HC Deb 14 January 1999 vol 323 cc438-40
12. Mr. Ian Bruce (South Dorset)

What representations he has received from school governing bodies with infant and junior classes about the effect of lower class sizes for five, six and seven-year-olds on future classes for eight, nine and 10-year-olds. [64047]

The Minister for School Standards (Ms Estelle Morris)

Some governing bodies have sought clarification of the implications of the policy for junior classes. We have made it clear in our guidance to local education authorities that lower class sizes for infant pupils must not be achieved at the expense of junior pupils. We are providing £620 million for the pledge to be met fully and to ensure that resources are not diverted from other phases of education.

Mr. Bruce

St. John's school, Weymouth, wrote to me about a point on which I wrote to the Minister and on which she has replied to me. The school now has classes of 30 where previously it had had higher numbers. That means that the school's funding for the later years relies upon having larger classes to ensure that it gets the same funding. The school is concerned that bringing in lower class sizes will undermine its viability. It simply asks the Government to address the issue. This is important to a county such as Dorset, which is at the bottom of the standard spending assessment league table—the money that the Government say that it is allowed to spend. It already spends well above SSA in schools. The Government need to consider this important point because school governors are worried about the future of their school.

Ms Morris

I am delighted to tell the hon. Gentleman that schools now do not have to have huge class sizes in order to get extra money, as they had to do when his party was in power. It is clear that the school to which he refers and many others in his constituency and local authority will have money to reduce infant class sizes and will receive a share not only of the extra £19 billion that will be put into education over the next three years but, I suspect, of the 20,000 extra teaching assistants that will be funded through the standards fund. I know that the hon. Gentleman omitted to say, because of lack of time, that he very much welcomed the £0.5 million extra money that his area received to reduce class sizes last September and the reduction by more than 1,000 of five, six and seven-year-olds in Dorset now in classes of over 30.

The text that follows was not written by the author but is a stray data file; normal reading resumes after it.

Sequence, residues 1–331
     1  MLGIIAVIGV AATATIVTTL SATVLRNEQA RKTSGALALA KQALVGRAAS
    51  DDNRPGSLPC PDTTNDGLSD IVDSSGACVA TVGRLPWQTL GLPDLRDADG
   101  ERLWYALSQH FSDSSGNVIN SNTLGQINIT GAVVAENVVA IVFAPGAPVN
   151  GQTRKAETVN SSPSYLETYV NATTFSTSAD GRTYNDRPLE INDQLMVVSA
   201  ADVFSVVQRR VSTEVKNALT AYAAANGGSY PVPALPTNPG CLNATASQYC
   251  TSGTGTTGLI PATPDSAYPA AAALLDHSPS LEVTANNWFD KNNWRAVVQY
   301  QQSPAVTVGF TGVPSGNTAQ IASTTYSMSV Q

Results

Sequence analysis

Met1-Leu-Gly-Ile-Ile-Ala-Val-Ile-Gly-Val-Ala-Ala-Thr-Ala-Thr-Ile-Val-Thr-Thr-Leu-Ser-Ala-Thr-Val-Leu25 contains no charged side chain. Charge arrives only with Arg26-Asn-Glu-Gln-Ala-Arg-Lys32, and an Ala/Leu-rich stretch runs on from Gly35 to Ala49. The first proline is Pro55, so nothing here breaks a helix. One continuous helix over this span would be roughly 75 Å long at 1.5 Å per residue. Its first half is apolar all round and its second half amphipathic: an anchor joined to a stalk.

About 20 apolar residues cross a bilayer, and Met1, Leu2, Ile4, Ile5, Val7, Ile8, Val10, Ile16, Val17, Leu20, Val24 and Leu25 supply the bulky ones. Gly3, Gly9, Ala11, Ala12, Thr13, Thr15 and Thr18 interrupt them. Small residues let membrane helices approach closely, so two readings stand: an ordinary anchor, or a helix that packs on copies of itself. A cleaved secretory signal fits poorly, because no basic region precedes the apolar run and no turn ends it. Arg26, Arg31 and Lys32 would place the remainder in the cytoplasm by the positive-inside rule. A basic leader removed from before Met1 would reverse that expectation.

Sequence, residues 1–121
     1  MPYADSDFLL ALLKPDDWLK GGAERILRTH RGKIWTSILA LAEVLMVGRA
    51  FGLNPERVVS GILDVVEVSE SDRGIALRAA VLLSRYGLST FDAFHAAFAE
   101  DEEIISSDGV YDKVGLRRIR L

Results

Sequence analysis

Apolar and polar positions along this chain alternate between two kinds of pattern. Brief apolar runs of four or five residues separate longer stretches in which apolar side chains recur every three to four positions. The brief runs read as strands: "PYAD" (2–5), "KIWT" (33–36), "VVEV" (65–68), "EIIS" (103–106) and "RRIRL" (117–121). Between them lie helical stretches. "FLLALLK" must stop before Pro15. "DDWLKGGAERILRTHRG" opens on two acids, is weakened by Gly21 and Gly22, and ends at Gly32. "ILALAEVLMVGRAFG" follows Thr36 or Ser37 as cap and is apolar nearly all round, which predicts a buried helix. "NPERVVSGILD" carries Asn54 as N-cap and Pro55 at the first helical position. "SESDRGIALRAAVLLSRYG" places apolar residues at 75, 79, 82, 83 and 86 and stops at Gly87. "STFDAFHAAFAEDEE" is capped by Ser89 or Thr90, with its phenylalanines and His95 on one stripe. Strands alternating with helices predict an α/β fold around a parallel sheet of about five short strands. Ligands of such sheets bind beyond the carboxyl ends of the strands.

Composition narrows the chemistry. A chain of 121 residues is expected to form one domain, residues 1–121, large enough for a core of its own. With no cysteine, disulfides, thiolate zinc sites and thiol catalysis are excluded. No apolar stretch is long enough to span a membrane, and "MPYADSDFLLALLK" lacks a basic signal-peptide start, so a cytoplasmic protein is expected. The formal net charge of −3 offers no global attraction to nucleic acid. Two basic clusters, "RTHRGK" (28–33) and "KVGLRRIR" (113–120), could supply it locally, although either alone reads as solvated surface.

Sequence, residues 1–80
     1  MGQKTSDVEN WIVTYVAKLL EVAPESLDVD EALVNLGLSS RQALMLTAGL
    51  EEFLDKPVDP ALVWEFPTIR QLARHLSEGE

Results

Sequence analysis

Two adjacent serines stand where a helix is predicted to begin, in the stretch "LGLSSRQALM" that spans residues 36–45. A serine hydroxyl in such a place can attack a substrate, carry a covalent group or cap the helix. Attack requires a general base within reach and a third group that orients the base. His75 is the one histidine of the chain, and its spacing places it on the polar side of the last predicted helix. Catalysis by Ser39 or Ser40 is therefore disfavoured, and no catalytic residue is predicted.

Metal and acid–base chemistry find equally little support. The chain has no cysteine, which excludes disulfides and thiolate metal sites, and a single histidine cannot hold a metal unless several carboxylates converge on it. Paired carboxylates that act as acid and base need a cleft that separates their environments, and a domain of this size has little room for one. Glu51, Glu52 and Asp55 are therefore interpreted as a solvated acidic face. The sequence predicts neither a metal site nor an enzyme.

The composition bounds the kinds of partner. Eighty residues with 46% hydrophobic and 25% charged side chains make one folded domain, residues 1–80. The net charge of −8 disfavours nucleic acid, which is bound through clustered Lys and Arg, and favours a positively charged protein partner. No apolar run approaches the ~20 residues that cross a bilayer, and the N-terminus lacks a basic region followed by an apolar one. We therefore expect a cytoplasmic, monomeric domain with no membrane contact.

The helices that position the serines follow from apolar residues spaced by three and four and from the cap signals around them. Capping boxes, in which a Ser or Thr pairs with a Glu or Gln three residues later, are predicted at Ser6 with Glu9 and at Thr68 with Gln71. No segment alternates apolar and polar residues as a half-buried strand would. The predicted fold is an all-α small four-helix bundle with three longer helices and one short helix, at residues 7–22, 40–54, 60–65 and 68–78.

Miss Melanie Johnson (Welwyn Hatfield)

Will my hon. Friend develop further her comment about the 20,000 extra classroom assistants and their contribution, together with lower class sizes, to improving standards in our schools? How does she expect them to contribute to making teachers even more able to do the job that they are there to do?

Ms Morris

The extra 20,000 classroom assistants are one of the most important policies in the Green Paper on the reform of the teaching profession. For too long they have been an ignored group of people. They contribute a great deal to standards in schools and among individuals. I am delighted that for the first time they can be assured of proper training and a proper place in the education of our children. I pay tribute to the good work that they have done and that they will do when there are more of them under this Government.

Mr. David Willetts (Havant)

Does the Minister accept that a survey by another group of our friends in education, the National Association of Head Teachers—[Interruption.] They are all on our side now because they recognise the consequences of the rigid implementation of the Government's pledge on class sizes. The association shows in its survey that there are more larger classes in junior schools for eight, nine and 10-year-olds as a direct consequence of the rigid implementation of the pledge. Does the Minister not understand that schools also have more mixed-year classes and, despite what she said a moment ago, that there is still per capita funding for schools? Schools are having to turn away children whom they would have been happy to educate and they are losing funding as a result. Does the Minister not understand that that is a consequence of the rigid implementation of the pledge?

Ms Morris

I have never heard so much twaddle in my life. How on earth can the hon. Gentleman quote a figure in a survey and claim that there are more junior school children in large classes as a consequence of the infant school policy when the children educated in smaller classes cannot possibly have reached the ages to which he referred? That is absolute nonsense. The policy has not yet been enacted in full, but it will be in two years' time. The hon. Gentleman cannot have it both ways. He cannot change his mind since the general election and now claim that class size matters while he objects to every penny that we put in and every action that we take to deliver our pledge to parents and pupils. His local authority received £1 million of capital funding to reduce class sizes last September. It has gained from our policy. He and every other Member of Parliament will see five, six and seven-year-olds in classes of no more than 30 and junior school pupils benefiting from the extra resources put into education as a whole.